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NEW YORK (WFAN) – Tommy Lasorda bleeds blue — Dodger blue.
And red, white and blue.
Lasorda, all sorts of fired up, was an in-studio guest on the “Boomer & Carton” show Thursday morning — and he was fantastic.
It was all on the table — the Steroid Era, the upcoming WBC and Lasorda’s run-ins with any mascot that got in his way.
On players participating in the World Baseball Classic: “Look, if you’re gonna pitch in spring training, why can’t you pitch for the (WBC) team? You’ve gotta pitch somewhere. So if you’re gonna get yourself in shape, you’re down there earlier before the thing begins, and you play! I don’t understand that. See, I feel a little bit different. If I could do something for my country, I’m gonna do it!”
On managing the gold-winning 2000 Olympic team: “I wanted to beat the Cubans, they said nobody could beat the Cubans. So I said, ‘I’m gonna take this job!’ So when I took the job, I met the players — 24 players, 23 I had never seen, didn’t know who they were. It took me eight days to learn their names. And my wife said, ‘Why? Why are you doing this?’ I said, ‘Because I want to bring the gold medal where it belongs in baseball, to the United States.’ “
Coaches don’t get Olympic medals. But Tommy doesn’t care: “People felt sorry for me that I don’t get a medal. I said, ‘Hey, I got my medal when I saw them put the medal around our players.’ I said, ‘I got my medal when they raised that American flag, and I got my medal when they played our national anthem.’ You know, I cried. I cried because I know that I had done something for my country.’ “
On Team USA’s chances in WBC: “I believe that we should win it, why, we’re the best in the world. We should win it. I hate to say this to put anybody in a position, but I’ll tell you, we can’t let those other teams beat us. You know something, when I was in the Olympics, they said to me, ‘Hey Tommy, now you’re gonna certainly be a little easier on those guys.’ I said, ‘Let me tell you something: my father was born in Italy. I was born in America, and I ain’t making nothing easy on those Italians.’ I said, ‘They’re gonna get on that field with me, I’m gonna beat ‘em bad!’ “
On whether PED cheats should be kept out of Cooperstown: “Absolutely, they’re cheaters. They don’t belong in the game! You’re doing something against the other players that’s not right. And if you’re gonna be a cheater, you do not belong in baseball, you don’t even belong in the — never belong in the Hall of Fame. As far as I’m concerned, you’re asking me my opinion? That’s my opinion. I don’t think they should be allowed to get into the Hall of Fame because they did something that was not right. Just like Pete Rose.”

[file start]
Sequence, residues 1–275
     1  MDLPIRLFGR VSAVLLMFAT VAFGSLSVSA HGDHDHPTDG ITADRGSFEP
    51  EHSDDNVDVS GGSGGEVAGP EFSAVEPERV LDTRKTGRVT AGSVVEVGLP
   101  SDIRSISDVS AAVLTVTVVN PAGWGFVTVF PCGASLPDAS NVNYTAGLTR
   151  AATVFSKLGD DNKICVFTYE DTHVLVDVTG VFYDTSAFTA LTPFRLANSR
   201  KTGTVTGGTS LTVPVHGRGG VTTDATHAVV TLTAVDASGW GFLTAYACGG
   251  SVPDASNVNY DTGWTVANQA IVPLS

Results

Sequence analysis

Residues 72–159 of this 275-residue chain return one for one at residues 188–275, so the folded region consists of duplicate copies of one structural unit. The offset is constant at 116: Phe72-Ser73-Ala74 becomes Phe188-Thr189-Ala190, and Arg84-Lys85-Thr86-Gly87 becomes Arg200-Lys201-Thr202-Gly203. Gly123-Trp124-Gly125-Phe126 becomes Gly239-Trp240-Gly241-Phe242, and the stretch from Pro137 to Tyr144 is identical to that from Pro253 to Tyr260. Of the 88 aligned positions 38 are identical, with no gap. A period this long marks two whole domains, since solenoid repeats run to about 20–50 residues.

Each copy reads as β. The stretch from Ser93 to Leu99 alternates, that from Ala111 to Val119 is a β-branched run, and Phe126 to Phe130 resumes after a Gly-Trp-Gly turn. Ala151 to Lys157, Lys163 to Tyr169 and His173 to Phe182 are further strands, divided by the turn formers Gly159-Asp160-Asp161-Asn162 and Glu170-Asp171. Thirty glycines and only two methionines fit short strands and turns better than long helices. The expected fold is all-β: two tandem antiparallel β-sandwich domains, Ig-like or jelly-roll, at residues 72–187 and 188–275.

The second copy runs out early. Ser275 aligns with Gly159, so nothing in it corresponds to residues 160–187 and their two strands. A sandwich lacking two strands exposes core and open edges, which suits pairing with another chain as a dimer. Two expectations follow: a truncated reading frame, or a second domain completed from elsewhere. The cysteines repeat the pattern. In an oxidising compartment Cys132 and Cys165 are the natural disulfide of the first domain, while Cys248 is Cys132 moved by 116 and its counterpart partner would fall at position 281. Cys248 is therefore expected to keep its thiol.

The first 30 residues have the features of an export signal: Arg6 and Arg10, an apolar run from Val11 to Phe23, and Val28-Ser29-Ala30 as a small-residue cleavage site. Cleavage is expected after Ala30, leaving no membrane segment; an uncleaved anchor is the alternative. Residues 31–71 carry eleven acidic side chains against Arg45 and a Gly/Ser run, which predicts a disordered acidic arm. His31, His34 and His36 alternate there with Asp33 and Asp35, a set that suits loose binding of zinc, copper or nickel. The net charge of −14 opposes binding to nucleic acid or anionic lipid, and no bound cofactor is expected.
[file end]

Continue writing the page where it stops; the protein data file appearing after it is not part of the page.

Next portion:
Speaking of Rose… “You know, I heard him after he admitted (to betting on games), the guy in New York interviewed him. He said, ‘Hey Pete, why did you do it?’ (Rose) said, ‘I thought I could get away with it.’ See, nobody is bigger than the game. Nobody.”
On Mike Piazza denying PED use in book: “I’ve read it, I’m reading it now, and I really enjoy it. Because everything he’s put in that book is the truth.”
On what he doesn’t like about today’s MLB: “I don’t like the pitch count! How are you gonna develop your arm? If you’re a track man you say, ‘Hey, you can’t run too much.’ Or if you’re a boxer you say, ‘Hey, you can only box three rounds.’ It’s not right!”
On having enough of the Phillie Phanatic: “He thought he could run away from me. I ran after him, I caught him, and I slam-dunked him, OK?”
Tommy vs. Youppi: “The guy in Montreal, I don’t know what this guy was. We had tin over the dugouts, and he’s jumping up and down. That is the most annoying thing. I pulled him down one day and I flipped him out like that. I said, ‘Go do that over their dugout, not here.’ “
Tommy vs. the San Diego Chicken: “The chicken, he used to put a helmet down and crush it, you know? So I happened to be going in, we lost a tough game and I seen this guy coming. I grabbed him by the neck, I put my head down, I said, ‘Now jump on this hat. Come on.’ That guy forever never came near me.”
Hey, he could write a book about fighting with mascots: “That’s OK, I’ll take ‘em all on!”
On Jackie Robinson breaking the color barrier: “He did a big thing for America, too, not just for baseball. He did it for America, because people began to realize and they started getting along together.”
What was your favorite part of the Lasorda interview? Let us know in the comments!